Apparently, before Mrs. Maisel, who is a comedian, steps on stage, she is always told, “Tits up!”

Because, guess what? That’s an awesome way to remind yourself to have good posture.

So, let’s recap here: I want good posture. In addition to learning to slouch at school because learning to read and write means we hunch, we girls also pick up the notion that our bodies are shameful and should be hidden.

Simultaneously, people tell us not to slouch, that good posture is lovely, etc etc. And it only takes something simple, like saying, “Tits up!” to correct it.

So this vicious cycle means that in order to actually have good posture, we have to 1. break through the learned shame about our bodies, and 2. strengthen the muscles that hold our backs straight.

Guess which one is harder to do? I am going to argue that the first one is the far more difficult of the two.

Strengthen your backs

Over the last three years, post-midlife crisis, after climbing out of my post-partum depression fog, and now deeeeeeeep into the joys of peri-menopause, I have had to do some reckoning with my own body.

It’s going to be with me until my dying day, you see. It would be best that it and I get along well. It would be best that I not have a love/hate relationship with it.

I needed my midlife crisis in order to learn to love my body. It would have been so, so, so much easier to love it back when it was perky and adorable and perfect. But I hated it. I hated everything about it. I learned the hard way to love my body for what it is and what it does, not for how it looks.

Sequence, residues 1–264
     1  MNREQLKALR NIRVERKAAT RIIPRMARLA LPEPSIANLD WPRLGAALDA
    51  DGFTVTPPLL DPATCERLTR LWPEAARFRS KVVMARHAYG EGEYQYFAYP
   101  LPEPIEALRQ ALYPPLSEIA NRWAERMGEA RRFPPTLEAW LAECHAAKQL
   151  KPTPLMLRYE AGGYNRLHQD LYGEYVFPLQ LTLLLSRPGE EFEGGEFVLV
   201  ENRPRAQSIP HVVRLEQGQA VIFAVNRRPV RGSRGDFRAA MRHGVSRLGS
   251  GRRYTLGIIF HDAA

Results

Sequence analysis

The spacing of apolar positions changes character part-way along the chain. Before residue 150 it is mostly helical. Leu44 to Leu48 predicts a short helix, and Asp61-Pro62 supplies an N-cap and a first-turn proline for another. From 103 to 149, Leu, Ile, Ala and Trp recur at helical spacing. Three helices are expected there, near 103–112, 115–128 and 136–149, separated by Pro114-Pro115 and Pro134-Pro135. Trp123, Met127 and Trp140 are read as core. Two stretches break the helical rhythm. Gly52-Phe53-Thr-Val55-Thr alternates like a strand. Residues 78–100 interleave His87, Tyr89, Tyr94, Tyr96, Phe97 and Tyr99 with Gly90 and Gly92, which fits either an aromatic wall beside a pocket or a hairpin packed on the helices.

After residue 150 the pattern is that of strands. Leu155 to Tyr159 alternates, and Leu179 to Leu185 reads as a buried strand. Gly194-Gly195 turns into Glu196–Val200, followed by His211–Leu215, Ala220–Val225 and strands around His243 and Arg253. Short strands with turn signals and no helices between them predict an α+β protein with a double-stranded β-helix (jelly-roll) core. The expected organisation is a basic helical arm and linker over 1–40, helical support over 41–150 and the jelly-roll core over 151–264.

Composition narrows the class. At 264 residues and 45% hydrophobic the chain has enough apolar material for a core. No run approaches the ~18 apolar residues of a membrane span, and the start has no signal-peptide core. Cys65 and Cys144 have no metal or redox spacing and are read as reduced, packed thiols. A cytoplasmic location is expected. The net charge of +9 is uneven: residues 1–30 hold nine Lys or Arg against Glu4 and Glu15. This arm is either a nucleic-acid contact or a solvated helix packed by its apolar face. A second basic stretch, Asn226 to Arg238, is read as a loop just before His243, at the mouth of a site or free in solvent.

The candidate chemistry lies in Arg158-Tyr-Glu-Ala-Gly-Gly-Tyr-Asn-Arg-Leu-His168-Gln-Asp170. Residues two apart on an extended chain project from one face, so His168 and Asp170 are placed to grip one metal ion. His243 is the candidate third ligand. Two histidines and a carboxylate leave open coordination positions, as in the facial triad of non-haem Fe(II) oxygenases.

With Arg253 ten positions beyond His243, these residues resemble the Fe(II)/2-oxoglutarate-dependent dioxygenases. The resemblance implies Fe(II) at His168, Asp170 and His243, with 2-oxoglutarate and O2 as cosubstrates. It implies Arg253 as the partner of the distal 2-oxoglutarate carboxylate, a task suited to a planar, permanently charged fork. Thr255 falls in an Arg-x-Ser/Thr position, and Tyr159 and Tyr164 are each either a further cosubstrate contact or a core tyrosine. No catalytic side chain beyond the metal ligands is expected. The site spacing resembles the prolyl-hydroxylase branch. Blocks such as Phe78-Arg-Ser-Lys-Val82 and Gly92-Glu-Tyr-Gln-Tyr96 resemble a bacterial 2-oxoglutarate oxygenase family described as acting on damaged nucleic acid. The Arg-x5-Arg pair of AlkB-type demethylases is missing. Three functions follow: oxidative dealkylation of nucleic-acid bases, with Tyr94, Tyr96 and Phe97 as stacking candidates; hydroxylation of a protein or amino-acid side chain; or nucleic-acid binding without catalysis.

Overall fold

At some point, right about, oh, I dunno, right now, I realized that while I do love my body now, there is still so much internalized shame in my mind about it.

Eliminating this internalized shame is something that I actually have to do in my body. By giving myself the experience of holding good posture. To feel what it feels like to “not hide my body,” the way I learned as a girl.

Having good posture is not being immodest. I really don’t know if you needed to hear that today, but I am going to say it again:

Having good posture is not being immodest.

Lily Fields, Philosopher Princess

Having good posture does not mean you are inviting people to look at your boobs. Stop thinking that. Having good posture is what will make you like that seventy year-old ballet teacher, whose self-confidence was beautiful. Having good posture will give you the confidence of a 16 month-old who has by-passed the toddling phase and is now learning how to run.

Having good posture starts in our minds, and as long as we are clinging to shame about our bodies, it will be a struggle.

I’m telling you right this very instant:

Tits up, girl.

Published by Lily Fields

I am passionate about contentment. This is a challenge, because I am equally passionate about progress. I get up at 4:00AM to chip away at a solution to this monolithic problem: how to make progress on my contentment. Born and raised in the USA, I married a French philosophy teacher in 1999. We have lived in France since 2007. We stayed young and carefree until life threw us two curveballs in the form of little humans one after another in 2015 and 2017 respectively. Now I am a slightly older, slightly more exhausted version of myself, but with mystery stains on my walls and a never-ending pile of laundry.